How was the empire of Alexander the Great

Alexander the great: ten reasons Alexander conquered the world

The question of how Alexander the Great (356-323) managed to conquer the greatest empire of antiquity within a few years has always provoked new answers. Die WELT finds ten reasons.


Alexander was the son of Philip II of Macedonia and the Epeirotic king's daughter Olympias. His father, who came to the throne as guardian of a prince, was a gifted general and prudent statesman who had made the troubled tribal kingdom on the edge of the Greek world its supremacy. His mother participated in orgiastic cults, was domineering and demonic. It shaped his childhood. Above both family trees, Alexander was a descendant of Heracles and Perseus, great heroes of myth. You became his role model.


Although Philip II also had other wives, Alexander received an education that was in keeping with a crown prince. With friends of the sons of the aristocracy, he went to school with the (then not so famous) scholar Aristotle. At the same time, his father used him for military tasks. In the battle against the Greek city-states near Chaironeia in 338 he commanded the cavalry, whose attack brought victory.


When Philip II was murdered in 336, his army was already in Asia Minor to stage the Panhellenic campaign of revenge against the Persian hereditary enemy. The campaigns under Philip, which lasted more than 20 years, had shaped the Macedonian army into a terrible war machine: 9,000 Pezhetaires in six regiments, heavy infantry fighting with long lances; 3000 Hypaspists, similarly armed, but more agile; 6000 lightly armed men for long-range combat; 1200 hetaires on horseback, the guard, and 600 scouts. In addition there were 7000 hoplites from the Greek states, as many mercenaries and several thousand horsemen.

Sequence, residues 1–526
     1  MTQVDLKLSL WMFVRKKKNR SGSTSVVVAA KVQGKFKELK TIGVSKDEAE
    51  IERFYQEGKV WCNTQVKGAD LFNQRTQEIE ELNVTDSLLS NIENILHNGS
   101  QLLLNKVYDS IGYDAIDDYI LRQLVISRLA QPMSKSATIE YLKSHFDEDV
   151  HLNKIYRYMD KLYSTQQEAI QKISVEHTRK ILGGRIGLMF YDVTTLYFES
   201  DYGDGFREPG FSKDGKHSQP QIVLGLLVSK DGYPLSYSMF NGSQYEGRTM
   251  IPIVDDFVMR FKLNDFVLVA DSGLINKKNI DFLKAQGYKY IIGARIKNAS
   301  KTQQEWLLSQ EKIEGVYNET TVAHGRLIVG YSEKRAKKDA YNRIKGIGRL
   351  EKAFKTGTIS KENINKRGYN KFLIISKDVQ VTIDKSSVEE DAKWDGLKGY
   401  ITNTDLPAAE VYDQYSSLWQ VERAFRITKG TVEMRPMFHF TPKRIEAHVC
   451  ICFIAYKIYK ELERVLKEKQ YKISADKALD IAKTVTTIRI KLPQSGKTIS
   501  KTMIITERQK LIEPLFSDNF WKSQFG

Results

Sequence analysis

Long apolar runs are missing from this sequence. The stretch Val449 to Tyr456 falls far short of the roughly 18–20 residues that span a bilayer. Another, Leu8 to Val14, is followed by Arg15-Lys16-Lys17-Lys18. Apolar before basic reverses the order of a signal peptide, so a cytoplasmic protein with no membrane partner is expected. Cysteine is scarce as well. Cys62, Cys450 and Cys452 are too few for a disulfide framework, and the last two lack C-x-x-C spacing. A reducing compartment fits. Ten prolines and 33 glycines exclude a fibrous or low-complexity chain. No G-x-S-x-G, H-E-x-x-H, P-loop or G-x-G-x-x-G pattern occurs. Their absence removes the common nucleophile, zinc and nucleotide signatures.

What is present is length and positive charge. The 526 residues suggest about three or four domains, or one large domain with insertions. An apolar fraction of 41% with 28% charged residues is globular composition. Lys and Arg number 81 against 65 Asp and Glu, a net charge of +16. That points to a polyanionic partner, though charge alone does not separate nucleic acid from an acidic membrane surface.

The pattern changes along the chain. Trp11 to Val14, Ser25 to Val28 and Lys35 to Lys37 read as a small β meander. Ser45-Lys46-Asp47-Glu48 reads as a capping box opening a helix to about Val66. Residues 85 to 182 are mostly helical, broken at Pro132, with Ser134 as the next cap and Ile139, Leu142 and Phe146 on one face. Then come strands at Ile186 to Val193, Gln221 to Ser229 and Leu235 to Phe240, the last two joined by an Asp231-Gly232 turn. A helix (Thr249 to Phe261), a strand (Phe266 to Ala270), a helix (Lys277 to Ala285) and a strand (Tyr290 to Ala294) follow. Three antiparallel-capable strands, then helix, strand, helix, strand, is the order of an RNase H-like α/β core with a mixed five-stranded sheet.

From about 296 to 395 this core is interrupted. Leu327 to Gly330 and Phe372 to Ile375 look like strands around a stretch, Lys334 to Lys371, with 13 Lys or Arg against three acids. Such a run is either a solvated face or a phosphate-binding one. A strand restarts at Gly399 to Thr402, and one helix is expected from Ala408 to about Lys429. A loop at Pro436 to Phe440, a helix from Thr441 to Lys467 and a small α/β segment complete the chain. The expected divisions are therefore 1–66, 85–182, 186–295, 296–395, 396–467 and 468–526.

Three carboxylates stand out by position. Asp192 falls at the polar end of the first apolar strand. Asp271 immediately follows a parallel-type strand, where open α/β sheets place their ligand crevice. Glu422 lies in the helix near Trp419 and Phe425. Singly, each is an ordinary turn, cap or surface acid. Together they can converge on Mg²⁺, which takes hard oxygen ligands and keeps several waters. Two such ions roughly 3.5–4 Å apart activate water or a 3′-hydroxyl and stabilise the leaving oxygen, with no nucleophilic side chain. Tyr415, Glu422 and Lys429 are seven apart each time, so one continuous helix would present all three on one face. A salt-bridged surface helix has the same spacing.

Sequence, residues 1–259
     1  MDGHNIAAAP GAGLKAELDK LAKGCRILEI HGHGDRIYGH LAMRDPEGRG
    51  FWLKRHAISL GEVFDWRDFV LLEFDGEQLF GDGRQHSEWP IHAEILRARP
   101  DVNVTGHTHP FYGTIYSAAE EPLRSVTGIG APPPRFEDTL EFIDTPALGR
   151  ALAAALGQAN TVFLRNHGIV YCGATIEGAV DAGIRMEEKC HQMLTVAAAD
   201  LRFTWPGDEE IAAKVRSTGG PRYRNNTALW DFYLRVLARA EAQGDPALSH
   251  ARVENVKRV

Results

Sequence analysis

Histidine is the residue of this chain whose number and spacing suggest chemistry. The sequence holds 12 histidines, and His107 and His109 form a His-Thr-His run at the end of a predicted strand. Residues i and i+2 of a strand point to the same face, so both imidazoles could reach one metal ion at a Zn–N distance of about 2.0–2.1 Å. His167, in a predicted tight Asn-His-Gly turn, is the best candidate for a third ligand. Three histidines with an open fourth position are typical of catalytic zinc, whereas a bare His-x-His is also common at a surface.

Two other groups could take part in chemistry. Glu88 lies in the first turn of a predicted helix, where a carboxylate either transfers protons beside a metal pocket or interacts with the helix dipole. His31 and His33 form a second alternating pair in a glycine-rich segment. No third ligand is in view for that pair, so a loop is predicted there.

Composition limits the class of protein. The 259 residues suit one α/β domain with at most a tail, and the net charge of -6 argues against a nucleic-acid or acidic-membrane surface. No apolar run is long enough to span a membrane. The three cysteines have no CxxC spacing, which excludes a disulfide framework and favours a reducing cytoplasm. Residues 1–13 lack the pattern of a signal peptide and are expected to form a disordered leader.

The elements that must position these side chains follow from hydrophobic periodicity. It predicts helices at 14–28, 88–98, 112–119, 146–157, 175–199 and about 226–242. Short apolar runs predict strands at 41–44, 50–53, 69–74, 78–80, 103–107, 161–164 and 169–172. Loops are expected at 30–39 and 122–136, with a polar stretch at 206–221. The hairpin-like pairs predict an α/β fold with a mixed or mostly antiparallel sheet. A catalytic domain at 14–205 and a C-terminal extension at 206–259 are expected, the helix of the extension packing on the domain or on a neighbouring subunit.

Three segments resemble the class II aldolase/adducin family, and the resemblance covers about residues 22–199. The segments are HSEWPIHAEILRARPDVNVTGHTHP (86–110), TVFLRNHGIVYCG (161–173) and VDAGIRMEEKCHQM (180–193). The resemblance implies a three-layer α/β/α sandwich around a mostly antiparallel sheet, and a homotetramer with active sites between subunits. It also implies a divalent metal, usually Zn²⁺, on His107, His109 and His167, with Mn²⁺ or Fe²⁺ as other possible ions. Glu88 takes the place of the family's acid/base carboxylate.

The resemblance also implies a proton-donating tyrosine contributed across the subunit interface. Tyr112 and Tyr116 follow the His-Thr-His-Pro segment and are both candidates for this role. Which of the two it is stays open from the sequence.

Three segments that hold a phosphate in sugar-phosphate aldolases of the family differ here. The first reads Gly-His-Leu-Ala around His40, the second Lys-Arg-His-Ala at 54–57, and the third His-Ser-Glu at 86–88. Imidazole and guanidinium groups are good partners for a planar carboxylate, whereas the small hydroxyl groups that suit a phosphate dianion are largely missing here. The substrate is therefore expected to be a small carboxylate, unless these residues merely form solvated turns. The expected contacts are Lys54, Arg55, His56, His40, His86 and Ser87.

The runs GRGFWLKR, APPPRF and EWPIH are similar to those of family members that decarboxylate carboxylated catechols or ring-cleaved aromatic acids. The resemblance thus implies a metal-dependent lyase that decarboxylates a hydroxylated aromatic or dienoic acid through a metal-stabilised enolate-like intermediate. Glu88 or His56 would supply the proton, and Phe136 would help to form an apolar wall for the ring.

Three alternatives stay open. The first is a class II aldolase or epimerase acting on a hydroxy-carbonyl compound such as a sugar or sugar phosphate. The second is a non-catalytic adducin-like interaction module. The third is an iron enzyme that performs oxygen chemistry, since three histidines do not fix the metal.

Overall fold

Art of war

Alexander was the man to use this weapon under any condition. Against this fight with combined arms - a term that is not applied to the armed forces of the Blitzkrieg for nothing - the heavy, gigantic armies of Persia had no chance. At Gaugamela, Alexander realized that the Persians had prepared the battlefield with traps. He maneuvered to the right, thereby pulling the enemy front apart and smashing it with a targeted cavalry attack against the position of the great king. In addition, Alexander could rely on excellent subordinates. And his army. She followed Alexander's charisma to the end of the world.


Despite all his military superiority, it was not his victories but above all his politics that made Alexander the ruler of the world. He did not justify his rule dogmatically, but through a clever analysis of the respective circumstances and the pragmatic solutions that resulted from them. The satrap organization of the Persian Empire was largely taken over.

Above all, however, Alexander refrained from seeing Asia as Macedonian-Greek prey from the start. Instead, local elites were drawn into court, administration and the army. In relation to the former subjects of the great king, Alexander appeared as his successor, not as a foreign conqueror, while he led his army for a long time as a charismatic tribal king.